Alternatives to high-stakes, standardized tests are being implemented across the country. While the alternatives vary in focus and scope, they generally share the following principles:
- Support improved learning. The assessment is designed to provide feedback that helps students improve their learning.
- Help teachers teach better. Good assessment provides an array of information that teachers can use to improve their teaching practices and help ensure student learning.
- Are integrated with the curriculum and instruction. Assessment works best when it flows naturally from, and is part of, student work — i.e., a science experiment that becomes part of the student portfolio.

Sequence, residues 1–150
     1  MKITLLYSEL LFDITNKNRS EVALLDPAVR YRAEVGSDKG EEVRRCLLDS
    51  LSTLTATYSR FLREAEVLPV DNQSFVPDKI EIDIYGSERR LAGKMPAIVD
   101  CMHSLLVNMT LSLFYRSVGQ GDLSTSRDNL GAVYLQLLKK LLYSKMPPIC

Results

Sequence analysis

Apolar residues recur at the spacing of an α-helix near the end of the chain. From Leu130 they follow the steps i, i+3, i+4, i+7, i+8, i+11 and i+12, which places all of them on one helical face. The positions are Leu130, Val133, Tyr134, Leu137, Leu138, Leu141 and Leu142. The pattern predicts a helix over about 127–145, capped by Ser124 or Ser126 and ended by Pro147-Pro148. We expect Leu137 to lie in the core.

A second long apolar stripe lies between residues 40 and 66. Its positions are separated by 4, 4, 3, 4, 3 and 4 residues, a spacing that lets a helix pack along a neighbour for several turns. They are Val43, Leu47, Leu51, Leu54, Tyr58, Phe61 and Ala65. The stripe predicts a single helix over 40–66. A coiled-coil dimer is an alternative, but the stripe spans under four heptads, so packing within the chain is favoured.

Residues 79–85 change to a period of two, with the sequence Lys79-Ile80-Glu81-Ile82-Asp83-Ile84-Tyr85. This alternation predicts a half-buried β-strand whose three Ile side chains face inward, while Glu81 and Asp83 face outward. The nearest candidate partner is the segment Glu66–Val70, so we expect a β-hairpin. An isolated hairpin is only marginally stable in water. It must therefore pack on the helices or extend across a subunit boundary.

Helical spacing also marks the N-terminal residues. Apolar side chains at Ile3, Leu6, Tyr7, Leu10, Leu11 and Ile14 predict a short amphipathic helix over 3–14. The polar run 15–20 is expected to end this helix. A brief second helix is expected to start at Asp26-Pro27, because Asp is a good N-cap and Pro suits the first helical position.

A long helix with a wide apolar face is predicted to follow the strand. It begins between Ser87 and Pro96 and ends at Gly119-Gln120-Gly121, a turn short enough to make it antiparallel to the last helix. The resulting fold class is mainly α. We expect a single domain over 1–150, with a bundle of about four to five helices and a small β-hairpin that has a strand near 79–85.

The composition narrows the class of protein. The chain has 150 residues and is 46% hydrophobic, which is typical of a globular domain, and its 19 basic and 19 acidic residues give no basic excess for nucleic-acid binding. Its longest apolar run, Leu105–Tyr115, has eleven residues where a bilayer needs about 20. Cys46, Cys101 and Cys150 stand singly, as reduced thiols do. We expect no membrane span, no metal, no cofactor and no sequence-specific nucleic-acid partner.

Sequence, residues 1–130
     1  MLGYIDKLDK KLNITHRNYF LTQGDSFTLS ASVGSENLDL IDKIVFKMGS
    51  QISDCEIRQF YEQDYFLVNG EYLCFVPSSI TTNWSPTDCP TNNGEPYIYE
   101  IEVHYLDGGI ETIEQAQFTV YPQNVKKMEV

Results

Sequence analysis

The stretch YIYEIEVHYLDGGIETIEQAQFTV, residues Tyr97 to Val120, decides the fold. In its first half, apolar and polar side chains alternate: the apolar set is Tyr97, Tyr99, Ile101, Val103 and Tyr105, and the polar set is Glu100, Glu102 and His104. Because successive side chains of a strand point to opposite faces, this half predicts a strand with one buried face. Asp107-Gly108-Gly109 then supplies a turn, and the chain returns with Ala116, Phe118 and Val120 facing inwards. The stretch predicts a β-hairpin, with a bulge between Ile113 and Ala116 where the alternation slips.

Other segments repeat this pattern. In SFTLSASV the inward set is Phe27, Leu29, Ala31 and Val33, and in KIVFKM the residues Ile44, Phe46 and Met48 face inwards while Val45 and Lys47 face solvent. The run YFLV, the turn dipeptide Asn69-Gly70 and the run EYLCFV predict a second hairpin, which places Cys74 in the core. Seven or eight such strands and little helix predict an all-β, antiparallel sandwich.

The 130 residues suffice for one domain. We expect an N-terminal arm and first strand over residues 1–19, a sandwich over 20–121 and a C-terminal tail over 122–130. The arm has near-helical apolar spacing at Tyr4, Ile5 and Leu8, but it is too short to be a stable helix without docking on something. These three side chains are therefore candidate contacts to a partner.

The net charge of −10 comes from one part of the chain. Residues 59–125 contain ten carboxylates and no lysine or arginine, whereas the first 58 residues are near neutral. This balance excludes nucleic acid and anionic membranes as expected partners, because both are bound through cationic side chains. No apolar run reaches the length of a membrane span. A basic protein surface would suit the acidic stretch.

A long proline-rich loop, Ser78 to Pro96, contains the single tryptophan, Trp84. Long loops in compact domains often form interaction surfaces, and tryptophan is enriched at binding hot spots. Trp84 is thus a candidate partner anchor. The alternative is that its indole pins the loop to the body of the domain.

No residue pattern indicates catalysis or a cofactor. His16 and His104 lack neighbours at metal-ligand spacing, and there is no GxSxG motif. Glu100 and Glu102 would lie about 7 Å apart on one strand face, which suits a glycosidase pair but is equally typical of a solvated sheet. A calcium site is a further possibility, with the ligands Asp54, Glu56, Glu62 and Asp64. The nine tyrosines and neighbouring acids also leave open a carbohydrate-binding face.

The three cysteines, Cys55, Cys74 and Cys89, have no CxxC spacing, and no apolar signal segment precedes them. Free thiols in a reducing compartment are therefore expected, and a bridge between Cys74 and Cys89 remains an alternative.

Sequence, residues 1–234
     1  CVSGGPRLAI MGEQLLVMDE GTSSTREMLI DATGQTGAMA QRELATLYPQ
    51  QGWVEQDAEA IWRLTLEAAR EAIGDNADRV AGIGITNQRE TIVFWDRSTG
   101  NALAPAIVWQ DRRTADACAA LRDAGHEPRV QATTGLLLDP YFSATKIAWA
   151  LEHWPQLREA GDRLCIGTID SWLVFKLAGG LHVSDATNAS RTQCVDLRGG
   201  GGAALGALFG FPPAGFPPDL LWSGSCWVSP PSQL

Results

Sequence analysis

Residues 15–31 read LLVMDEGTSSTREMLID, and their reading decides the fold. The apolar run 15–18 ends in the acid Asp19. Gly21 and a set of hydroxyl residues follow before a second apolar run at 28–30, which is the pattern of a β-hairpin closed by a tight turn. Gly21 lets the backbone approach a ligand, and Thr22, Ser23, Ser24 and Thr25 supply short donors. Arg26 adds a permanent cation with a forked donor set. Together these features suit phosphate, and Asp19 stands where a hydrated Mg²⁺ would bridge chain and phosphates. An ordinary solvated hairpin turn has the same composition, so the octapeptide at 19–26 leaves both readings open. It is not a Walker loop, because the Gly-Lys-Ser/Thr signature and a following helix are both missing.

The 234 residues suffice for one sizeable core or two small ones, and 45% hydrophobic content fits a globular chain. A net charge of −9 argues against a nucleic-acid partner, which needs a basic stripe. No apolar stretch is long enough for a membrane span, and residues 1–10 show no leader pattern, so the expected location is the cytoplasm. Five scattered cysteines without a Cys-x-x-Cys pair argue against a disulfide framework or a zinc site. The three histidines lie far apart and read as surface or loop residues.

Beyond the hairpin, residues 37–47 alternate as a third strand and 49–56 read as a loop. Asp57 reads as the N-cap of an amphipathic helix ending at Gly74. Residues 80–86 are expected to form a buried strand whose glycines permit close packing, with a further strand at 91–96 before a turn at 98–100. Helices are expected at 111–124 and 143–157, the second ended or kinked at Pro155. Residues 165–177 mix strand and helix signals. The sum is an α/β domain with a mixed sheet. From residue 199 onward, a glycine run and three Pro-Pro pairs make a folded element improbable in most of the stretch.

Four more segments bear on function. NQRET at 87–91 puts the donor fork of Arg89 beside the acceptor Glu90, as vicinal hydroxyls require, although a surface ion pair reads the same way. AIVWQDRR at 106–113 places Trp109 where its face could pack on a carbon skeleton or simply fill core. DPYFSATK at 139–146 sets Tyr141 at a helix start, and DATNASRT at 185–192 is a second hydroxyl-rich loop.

- Are classroom based. Most of the information for the assessment is based on classroom work done by students over a period of time.
- Use a variety of measures. Good assessment does not rely on a single yardstick but compiles data based on both individual students’ learning plus schoolwide data such as attendance and graduation rates.
- Involve educators, parents, and the broader community. Improved success for students relies on a positive collaboration among the various forces necessary for school reform to work.
- Don’t straight-jacket the curriculum. Good assessment procedures provide for flexibility and don’t dominate the curriculum.